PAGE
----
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Anyway! Back to this lovely Almond Ricotta Lemon cake: it is undoubtedly my favorite recipe this winter season. In fact, I love it so much that I lost count of how many times I baked it within the last two months! It’s THAT good. You guys, my grandma even wrote it down in her recipe book and bought a kitchen scale just to make this cake, which is A FIRST for sure. That makes me feel proud of myself.

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It’s a mixture of whipped butter, sugar, eggs, vanilla bean, almond meal, ricotta cheese, and of course lots and lots of lemon zest. The first time I did this I thought the cake will turn out very dense because it is flourless – but to my surprise it is the lightest, moistest cake I ever tasted. It also has a beautiful, irresistible ground almond texture that melts in your mouth bite after bite.

Ingredients:
120g unsalted butter, room temperature
225g granulated sugar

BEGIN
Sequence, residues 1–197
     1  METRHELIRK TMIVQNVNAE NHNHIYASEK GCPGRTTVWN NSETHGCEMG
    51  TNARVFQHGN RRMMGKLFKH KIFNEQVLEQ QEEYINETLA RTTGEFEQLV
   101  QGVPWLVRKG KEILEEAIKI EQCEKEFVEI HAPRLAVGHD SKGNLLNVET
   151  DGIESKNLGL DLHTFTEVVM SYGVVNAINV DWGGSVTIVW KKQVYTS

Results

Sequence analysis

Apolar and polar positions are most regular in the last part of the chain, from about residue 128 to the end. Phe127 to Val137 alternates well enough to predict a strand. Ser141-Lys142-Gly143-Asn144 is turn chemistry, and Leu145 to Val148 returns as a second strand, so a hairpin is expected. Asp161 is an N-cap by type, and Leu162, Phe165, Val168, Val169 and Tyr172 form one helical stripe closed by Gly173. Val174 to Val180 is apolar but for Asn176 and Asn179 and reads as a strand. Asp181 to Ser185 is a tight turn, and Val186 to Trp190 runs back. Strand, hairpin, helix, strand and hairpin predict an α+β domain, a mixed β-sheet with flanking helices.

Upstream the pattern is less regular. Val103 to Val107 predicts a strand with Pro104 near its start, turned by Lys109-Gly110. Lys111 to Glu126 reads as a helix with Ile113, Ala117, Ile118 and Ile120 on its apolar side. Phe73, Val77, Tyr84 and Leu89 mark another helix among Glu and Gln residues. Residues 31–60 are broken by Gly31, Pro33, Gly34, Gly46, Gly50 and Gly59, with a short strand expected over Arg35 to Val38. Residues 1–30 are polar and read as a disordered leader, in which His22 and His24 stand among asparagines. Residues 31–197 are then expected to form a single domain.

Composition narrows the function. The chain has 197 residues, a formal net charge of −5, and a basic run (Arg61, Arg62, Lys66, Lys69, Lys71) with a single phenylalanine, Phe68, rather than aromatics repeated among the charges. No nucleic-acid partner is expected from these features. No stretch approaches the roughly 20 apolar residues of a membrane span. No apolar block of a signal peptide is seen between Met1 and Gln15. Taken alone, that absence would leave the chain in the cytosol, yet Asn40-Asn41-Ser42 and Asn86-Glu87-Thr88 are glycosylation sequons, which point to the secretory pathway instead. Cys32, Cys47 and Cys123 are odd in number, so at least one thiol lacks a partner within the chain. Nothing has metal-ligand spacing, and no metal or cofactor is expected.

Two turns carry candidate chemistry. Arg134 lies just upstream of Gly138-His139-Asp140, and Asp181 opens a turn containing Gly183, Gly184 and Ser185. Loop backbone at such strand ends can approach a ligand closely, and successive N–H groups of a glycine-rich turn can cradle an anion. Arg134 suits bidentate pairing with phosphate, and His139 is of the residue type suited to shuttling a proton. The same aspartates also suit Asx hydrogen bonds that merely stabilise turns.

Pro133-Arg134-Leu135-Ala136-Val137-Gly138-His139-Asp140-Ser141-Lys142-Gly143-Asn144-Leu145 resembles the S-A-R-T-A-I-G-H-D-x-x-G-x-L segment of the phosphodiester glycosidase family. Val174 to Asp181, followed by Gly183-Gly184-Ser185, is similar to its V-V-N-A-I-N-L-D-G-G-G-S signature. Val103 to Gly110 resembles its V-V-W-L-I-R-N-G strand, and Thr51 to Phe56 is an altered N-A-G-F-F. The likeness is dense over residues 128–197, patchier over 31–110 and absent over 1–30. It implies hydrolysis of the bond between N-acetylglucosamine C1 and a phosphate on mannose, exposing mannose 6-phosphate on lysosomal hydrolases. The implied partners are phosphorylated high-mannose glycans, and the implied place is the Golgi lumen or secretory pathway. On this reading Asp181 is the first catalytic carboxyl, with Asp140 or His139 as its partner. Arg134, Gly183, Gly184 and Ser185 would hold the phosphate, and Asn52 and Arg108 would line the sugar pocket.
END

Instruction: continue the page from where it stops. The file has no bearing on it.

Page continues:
1 vanilla bean, split and seeds scraped
3 tablespoons lemon zest (Around 2 medium to large lemons)
4 large eggs, separated and at room temperature
225g almond meal
320g high quality fresh ricotta cheese

Optional:
Flaked almonds for decoration
Icing sugar for dusting

Direction:
1. Pre-heat oven to 160°C  (325°F). Line the base of a 9″ (23 cm) round cake tin with baking paper and set aside.
2. Place the butter, sugar, vanilla seeds, and lemon zest in an electric mixer and beat for 10 minutes until pale and creamy.
3. Scrap down the sides of the bowl and gradually add the egg yolks one at a time continuing to beat until fully combined.
4. Add the almond meal and beat to combine, then do the same with the ricotta cheese.
5. Beat the egg whites in a clean bowl with a hand-held electric mixer until stiff peaks form. Gently fold half of the egg whites into the cake mixture. Repeat with the rest of the egg whites.
6. Pour the mixture into the prepared cake tin, smooth the top, decorate the cake with almond flakes (optional).
7. Bake for 40-45 minutes or until cooked and firm to touch. Allow to cool completely in the cake tin.